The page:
The three bonding areas 11, 12, 13 are adapted to be connected to the heating wire and to a lead which extends from the squab of the seat to the wiring loom of the motor vehicle, but the size of the bonding pads 11, 12, 13 facilitates automated soldering from the lead to the printed circuit board 6, as illustrated.
FIG. 3 illustrates, at a much enlarged scale, part of the printed circuit 6. Two signal tracks 10 are illustrated, which extend to respective contact pads 14, 15 to which are connected terminals, 16, of a discrete component 17. The component 17 may have other terminals but only two are illustrated. It is to be observed that each signal track 10, as it approaches the appropriate contact pad 14 splits, at a point spaced from the contact pad 14 to form two separate signal track portions 19, 20. It is to be observed that the two signal track portions 19, 20 approach the respective contact pad in directions which are perpendicular to each other.
The printed circuit 8 is flexible, so that the presence of the printed circuit board is not felt by a person sitting on the squab of the seat as a hard portion within the seat, but so that the printed circuit board can flex and bend with the seat. If the printed circuit board flexes and bends, there is a risk that, in the region adjacent the contact legs of a discrete component, such as the component 17, the signal track may snap, due to metal fatigue. However, since each signal track approaches the contact pad 14 in two orthogonal directions, even if the signal track is subjected to repeated bending, only one part of the signal track will break, and it is thus envisaged that the described arrangement will prove to be long-lasting, even though the circuit is formed on a flexible printed circuit board which is subjected, in use, to repeated flexing operations.
Referring now to FIG. 4, which is a circuit diagram of the circuitry present on the printed circuit board 6, it can be seen that, of the three contact pads, 11, 12, 13, the pad 11 is to be connected to the heating wire, the pad 12 is to be connected to the positive battery terminal present on the vehicle and the pad 13 is to be connected to ground.
A field effect power transistor 21 is provided which includes an integral zenerdiode, the source/drain current path through the field effect transistor being connected between the contact pad 12 and the contact pad 11.
It will be appreciated that when the field effect transistor is turned "on" current will be supplied from the pad 12 to the pad 11. The current may then flow through the heating wire 5, thus causing the seat to be heated.
A forward biassed diode 22 and a reverse biassed zenerdiode 23 are connected in series, the series connection of the two diodes extending in parallel with the controlled current flow path of the field effect transistor 21, in other words between the pad 12 and the pad 11. The diodes serve to protect the transistor against any transients, and the diode 22 serves to protect the control circuitry against reverse polarity, in case that the pad 12 is connected to a negative potential, whilst pad 13 is connected to ground, which can inadvertently happen.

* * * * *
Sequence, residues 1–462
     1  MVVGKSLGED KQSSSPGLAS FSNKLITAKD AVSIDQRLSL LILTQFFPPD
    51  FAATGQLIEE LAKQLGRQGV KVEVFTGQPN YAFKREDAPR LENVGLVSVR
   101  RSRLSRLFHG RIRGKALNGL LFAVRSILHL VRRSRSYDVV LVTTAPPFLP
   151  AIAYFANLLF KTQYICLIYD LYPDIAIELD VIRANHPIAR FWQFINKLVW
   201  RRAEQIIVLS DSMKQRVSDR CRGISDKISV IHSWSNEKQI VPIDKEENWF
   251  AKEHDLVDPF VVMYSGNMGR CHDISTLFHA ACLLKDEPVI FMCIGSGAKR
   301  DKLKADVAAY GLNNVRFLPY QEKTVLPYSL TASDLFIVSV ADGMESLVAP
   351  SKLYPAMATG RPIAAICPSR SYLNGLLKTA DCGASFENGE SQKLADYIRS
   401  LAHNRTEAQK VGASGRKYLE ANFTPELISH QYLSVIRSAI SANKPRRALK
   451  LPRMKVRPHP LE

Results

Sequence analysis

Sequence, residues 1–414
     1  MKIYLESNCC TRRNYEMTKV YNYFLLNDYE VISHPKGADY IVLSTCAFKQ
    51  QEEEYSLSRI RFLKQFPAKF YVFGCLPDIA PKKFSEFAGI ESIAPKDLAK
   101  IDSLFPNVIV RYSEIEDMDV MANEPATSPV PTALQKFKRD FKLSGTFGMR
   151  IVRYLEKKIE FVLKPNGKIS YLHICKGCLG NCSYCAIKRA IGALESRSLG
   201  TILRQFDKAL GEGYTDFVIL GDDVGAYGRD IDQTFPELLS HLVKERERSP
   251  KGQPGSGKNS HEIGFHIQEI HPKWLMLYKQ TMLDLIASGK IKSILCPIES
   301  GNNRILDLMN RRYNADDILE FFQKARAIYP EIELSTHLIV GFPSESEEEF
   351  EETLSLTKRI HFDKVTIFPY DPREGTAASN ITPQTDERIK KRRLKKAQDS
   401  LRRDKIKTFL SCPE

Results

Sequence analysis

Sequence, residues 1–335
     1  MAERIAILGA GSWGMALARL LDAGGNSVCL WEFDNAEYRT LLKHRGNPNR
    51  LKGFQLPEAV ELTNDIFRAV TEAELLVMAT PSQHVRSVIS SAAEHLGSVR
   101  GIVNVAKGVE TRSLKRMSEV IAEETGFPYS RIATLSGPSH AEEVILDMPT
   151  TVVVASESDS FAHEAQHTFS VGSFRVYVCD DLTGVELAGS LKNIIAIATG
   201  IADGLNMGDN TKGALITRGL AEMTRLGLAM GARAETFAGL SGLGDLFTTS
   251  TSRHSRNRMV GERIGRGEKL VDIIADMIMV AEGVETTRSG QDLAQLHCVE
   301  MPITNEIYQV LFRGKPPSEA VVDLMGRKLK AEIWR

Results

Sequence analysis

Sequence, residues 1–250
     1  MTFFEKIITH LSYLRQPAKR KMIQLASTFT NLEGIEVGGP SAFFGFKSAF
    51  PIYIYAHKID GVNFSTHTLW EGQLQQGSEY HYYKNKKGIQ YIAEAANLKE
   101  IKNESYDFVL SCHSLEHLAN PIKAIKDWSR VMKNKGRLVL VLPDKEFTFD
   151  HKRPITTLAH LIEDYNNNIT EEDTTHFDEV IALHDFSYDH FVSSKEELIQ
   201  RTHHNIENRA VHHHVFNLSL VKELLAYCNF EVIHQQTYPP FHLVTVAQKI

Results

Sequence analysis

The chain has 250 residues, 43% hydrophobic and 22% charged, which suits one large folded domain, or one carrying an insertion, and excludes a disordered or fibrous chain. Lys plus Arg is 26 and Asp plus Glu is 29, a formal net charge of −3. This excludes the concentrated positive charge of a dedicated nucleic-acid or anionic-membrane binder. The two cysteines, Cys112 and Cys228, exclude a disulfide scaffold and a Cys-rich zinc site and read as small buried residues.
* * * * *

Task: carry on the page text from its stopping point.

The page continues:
A lead 24 extends from the node between the two diodes 22 and 23.
The lead 24 passes through a resistor 25 and a further zenerdiode 26 to an earth rail 27. The resistor 25 is a current limiting resistor, and the zenerdiode 26 serves to protect the control circuitry against transients.
The lead 24 is connected by means of a resistor 28 to one input terminal of a differential amplifier 29. The input terminal of the differential amplifier 29 is connected to the earth rail by means of a resistor 30 and is also connected to the output terminal of the differential amplifier by means of a further resistor 31. The output terminal of the differential amplifier is connected by means of a further resistor 32 to the other input terminal of the differential amplifier 29, and that other terminal is also connected by means of a capacitor 33 to the earth rail 27. The described arrangement operates as an oscillator, providing an output on the line 34. The line 34 is connected to the line 24 by means of a resistor 35, and the output 34 is connected by means of a capacitor 36 to a node 37 between two diodes 38, 39 which forms a voltage doubling circuit which will be described hereinafter.
A point on the line 24 between the resistor 25 and the zenerdiode 26 is connected, to a line 40. A point on the line 40 is connected to the series connection of two resistors 41, 42, which in turn are connected to the earth rail 27. The resistors 41 and 42 thus form a resistive bridge. The node between the two resistors is connected to one input of a second differential amplifier 43.
The other input of the second differential amplifier 43 is connected to a node point 44 formed between a resistor 45, which has a negative temperature coefficient, and which is connected to the line 40, and a further resistor 46 which is connected to the earth rail 27. The differential amplifier 43 thus serves to compare the voltage between the node points present on the two resistive bridges constituted by the resistor pairs 41, 42 and 45, 46.